As years go by, you learn more. So, for my woodworking tastes to change drastically over time is only natural.
Time passes, and things change. Once, I didn’t like routing; now I use my routers constantly. My favorite cutting tool used to be the band saw; now it’s the table saw. I used to stain everything I made; now I only stain wood that clearly needs additional color.
And I still own projects from decades ago that I was truly proud of at the time. Today, not so much. A case in point was a TV cabinet I made some four decades ago. Made of alder, I thought it would look great with a fruitwood stain.
If you’ve ever stained alder, you know it’s very prone to blotching. At the time I didn’t know what blotching was – heck, back then I thought it was a feature, not a drawback – and that it added an interesting texture to the wood. Now, all I see is ugly.
That cabinet only held a smallish TV, so I long ago retired it from entertainment duty, added an internal fold-down shelf, and converted it to a sewing cabinet. That’s a perfect job for it today and it holds both of my wife’s machines. She loves it, but I think it’s hideous.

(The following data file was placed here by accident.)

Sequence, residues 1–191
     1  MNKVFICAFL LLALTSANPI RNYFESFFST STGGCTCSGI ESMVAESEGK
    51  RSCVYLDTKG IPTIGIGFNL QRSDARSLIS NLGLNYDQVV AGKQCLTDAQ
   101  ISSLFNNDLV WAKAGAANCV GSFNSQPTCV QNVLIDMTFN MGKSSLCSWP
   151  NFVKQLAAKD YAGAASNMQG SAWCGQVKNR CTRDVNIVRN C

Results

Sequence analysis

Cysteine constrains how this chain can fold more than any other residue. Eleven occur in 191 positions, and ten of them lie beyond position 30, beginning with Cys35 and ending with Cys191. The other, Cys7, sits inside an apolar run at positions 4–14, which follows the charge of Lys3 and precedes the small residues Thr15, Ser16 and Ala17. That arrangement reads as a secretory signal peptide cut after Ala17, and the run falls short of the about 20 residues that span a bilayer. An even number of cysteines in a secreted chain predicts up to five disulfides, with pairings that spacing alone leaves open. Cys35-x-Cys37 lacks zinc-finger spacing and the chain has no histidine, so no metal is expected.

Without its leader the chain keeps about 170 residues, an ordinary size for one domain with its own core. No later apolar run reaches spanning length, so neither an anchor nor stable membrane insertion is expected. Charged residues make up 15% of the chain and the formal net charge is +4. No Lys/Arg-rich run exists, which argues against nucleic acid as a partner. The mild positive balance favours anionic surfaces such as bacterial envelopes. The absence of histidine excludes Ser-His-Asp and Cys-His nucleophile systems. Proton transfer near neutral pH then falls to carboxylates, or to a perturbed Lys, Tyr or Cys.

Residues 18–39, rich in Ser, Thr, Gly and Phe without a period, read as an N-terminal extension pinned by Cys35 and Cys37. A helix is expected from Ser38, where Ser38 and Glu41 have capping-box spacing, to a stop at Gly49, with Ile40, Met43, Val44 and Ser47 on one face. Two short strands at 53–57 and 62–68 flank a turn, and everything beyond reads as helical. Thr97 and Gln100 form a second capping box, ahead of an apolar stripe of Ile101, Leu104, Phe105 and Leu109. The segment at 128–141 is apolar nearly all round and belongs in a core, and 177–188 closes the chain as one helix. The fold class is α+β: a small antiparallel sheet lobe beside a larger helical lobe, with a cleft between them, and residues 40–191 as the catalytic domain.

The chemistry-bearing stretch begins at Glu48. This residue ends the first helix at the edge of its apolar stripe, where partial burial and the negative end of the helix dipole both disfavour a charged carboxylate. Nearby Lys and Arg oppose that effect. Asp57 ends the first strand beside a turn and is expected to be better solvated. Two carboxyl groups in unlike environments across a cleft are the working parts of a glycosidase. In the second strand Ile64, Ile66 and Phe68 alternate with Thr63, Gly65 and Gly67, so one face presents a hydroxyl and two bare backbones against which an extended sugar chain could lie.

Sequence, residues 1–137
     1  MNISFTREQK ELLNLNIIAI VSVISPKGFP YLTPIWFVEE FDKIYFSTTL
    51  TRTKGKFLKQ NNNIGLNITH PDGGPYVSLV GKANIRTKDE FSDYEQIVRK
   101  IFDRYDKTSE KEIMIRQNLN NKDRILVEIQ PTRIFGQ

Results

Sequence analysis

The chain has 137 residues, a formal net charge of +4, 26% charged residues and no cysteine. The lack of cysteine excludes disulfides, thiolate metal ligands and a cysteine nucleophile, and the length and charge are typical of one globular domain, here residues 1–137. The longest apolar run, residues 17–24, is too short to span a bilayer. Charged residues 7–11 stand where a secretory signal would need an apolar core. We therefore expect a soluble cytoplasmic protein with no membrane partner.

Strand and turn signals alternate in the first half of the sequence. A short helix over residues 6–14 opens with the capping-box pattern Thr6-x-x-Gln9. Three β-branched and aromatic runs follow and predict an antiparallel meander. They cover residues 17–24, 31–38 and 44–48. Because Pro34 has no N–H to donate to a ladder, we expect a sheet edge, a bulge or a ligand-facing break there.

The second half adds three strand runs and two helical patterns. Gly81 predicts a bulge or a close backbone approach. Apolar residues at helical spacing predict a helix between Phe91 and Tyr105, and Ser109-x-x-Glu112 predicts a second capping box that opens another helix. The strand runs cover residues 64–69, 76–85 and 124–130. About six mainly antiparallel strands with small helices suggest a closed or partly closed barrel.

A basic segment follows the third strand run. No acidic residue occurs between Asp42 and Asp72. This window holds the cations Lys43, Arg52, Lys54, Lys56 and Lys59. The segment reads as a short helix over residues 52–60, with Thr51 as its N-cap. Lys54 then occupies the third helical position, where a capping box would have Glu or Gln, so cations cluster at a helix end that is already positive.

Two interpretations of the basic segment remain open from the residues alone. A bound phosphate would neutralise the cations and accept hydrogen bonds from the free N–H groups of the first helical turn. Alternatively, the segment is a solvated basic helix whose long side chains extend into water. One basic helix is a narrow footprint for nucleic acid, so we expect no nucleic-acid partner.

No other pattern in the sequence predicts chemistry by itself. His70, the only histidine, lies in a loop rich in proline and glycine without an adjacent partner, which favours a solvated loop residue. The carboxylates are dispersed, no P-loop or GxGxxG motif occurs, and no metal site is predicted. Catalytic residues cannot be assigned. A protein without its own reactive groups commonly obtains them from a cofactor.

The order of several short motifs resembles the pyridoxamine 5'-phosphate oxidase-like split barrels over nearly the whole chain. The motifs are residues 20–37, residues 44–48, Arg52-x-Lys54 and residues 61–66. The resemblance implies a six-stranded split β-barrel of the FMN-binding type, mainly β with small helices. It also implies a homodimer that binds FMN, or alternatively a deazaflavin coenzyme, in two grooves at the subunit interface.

I’ve been wanting to redo the finish for years, but Sally insists that I don’t. She doesn’t know what blotching is and likes it just fine. And, in truth, despite the blotching it’s still a handsome cabinet and gets the job done.
But it’s interesting to reflect on how much I’ve learned about finishing – and woodworking in general – in those 40 or so years. My skills have certainly improved, as has my knowledge, and along with it my general tastes for how things should look. And while I now think the finish on that cabinet looks awful, it takes nothing away from the 40 years of continuous, useful service we’ve gotten of it. And will continue to get out of it for many years to come despite my change in tastes.